UMBC joins international network of top research universities producing STEM PhDs

UMBC is one of 25 new members of the Center for the Integration of Research, Teaching and Learning (CIRTL), a network of U.S. and Canadian universities with STEM graduate programs that are committed to improving the teaching skills and increasing the diversity of future STEM faculty members.

Janet Rutledge, vice provost, dean of the graduate school, and associate professor of computer science and electrical engineering; Anne Spence, professor of practice in mechanical engineering; and Renetta Tull, associate vice provost for graduate student development and postdoctoral affairs, form the core leadership team for UMBC’s participation in CIRTL.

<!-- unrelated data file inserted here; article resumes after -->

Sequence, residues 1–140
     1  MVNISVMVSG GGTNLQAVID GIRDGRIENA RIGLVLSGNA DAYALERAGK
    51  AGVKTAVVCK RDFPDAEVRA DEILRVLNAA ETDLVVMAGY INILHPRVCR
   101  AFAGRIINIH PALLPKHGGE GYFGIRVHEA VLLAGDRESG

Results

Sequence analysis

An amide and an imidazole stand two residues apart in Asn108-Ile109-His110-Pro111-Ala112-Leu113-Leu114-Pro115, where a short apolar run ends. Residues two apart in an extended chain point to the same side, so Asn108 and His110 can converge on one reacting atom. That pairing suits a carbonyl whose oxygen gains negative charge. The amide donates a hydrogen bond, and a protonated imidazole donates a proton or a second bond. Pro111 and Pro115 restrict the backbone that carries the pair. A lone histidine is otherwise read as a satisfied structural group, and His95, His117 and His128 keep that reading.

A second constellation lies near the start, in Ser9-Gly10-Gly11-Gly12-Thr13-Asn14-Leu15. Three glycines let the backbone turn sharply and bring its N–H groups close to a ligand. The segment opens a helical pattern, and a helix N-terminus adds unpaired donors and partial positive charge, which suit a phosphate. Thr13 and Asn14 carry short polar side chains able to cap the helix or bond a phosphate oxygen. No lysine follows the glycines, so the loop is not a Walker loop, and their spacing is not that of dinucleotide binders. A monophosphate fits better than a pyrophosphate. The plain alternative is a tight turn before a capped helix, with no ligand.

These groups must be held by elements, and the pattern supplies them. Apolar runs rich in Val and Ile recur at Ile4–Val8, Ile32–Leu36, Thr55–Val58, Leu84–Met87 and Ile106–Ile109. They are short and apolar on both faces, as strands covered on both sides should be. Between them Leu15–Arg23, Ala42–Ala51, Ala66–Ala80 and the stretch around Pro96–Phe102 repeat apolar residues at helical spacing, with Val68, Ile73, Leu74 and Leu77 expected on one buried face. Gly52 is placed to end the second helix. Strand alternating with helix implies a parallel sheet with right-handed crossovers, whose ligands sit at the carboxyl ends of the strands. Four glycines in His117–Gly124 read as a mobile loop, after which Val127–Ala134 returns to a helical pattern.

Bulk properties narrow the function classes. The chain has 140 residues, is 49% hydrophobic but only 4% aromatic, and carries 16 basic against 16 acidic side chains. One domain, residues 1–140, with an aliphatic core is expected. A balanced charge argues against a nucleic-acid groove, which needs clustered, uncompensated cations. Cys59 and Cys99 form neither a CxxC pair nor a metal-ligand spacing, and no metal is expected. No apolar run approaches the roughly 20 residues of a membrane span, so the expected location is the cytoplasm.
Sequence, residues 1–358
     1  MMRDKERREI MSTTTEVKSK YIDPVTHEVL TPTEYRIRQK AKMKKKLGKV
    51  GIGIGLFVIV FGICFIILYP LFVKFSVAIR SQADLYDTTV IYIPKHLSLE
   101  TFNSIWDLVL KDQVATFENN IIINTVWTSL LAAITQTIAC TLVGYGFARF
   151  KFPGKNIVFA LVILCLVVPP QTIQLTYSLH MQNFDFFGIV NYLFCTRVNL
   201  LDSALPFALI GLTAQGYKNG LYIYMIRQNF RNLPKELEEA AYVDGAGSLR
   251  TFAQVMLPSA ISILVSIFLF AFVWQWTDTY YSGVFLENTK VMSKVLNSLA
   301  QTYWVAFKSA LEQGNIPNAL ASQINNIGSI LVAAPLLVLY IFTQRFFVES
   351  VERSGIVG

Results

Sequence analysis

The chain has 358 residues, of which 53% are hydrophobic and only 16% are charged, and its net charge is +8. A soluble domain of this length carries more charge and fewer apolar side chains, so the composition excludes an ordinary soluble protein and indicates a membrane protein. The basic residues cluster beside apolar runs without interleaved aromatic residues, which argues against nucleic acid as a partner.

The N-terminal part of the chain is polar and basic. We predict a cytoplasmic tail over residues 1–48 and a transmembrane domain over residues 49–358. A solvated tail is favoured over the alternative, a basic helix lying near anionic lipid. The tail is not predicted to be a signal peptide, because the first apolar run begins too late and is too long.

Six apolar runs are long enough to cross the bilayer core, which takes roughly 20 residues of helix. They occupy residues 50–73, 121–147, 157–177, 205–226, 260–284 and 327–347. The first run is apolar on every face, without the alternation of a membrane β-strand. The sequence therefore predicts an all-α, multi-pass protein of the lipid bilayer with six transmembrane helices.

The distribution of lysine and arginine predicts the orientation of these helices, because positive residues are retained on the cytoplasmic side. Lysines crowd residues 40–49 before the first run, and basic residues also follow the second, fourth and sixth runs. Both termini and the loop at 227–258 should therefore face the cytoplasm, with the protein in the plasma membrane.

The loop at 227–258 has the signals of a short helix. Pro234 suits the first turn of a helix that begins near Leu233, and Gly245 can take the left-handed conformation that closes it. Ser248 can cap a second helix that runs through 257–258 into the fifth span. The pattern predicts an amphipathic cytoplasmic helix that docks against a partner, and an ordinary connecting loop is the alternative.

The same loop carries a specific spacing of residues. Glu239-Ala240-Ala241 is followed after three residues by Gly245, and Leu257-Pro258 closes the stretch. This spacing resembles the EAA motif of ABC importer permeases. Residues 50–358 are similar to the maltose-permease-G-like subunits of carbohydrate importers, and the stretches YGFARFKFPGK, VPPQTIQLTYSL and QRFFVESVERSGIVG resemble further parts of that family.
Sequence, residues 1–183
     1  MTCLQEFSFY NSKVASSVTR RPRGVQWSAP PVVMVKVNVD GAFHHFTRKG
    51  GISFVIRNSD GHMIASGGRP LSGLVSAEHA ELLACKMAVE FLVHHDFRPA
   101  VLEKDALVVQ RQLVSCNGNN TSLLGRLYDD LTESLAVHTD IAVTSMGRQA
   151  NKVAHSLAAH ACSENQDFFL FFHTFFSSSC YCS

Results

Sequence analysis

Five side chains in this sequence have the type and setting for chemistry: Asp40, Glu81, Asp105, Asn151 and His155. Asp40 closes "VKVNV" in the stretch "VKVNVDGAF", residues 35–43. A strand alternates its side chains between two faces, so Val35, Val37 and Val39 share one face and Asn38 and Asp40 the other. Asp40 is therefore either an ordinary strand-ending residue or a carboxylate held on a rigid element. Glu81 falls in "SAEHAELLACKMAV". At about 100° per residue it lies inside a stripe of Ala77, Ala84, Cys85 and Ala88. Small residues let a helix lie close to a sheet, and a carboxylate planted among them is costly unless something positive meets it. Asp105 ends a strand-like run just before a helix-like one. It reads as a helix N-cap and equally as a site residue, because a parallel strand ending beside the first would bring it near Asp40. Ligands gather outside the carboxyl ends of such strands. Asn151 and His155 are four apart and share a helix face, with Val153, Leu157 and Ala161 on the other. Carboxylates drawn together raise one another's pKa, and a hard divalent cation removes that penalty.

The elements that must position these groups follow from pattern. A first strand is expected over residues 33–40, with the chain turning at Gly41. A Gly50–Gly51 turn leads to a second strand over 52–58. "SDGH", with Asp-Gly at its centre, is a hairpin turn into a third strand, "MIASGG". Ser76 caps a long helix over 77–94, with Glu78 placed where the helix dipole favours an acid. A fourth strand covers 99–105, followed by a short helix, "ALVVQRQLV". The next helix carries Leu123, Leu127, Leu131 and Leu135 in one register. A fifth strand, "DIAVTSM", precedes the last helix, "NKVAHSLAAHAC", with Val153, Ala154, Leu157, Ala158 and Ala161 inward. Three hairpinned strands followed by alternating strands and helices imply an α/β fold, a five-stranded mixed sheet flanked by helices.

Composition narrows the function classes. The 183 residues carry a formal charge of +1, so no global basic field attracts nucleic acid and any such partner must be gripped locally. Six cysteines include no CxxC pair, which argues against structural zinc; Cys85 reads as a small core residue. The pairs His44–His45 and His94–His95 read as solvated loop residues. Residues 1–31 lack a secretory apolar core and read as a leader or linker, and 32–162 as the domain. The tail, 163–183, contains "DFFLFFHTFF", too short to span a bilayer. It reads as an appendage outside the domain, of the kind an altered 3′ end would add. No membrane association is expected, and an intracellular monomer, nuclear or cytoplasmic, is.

As a member of CIRTL, UMBC will develop and promote learning communities for STEM graduate students. CIRTL now has 46 members, which together produce one-third of U.S. doctoral degrees in STEM fields.

“We are looking forward to being part of this renowned national network that focuses on teaching, learning, and associated research,” said Tull. She added, “CIRTL will be a rich resource for us as we develop more training opportunities to prepare our graduate students for the professoriate.”

Through evidence-based strategies, CIRTL helps STEM students succeed throughout graduate study and complete their degrees. These teaching strategies include focusing on real-world topics in classroom teaching, promoting inclusive learning, and encouraging teamwork and peer support through collaborative projects and study groups.  

CIRTL was created in 2003 through the Wisconsin Center for Education Research, and is supported by the National Science Foundation.

Photo by Marlayna Demond ’11 for UMBC.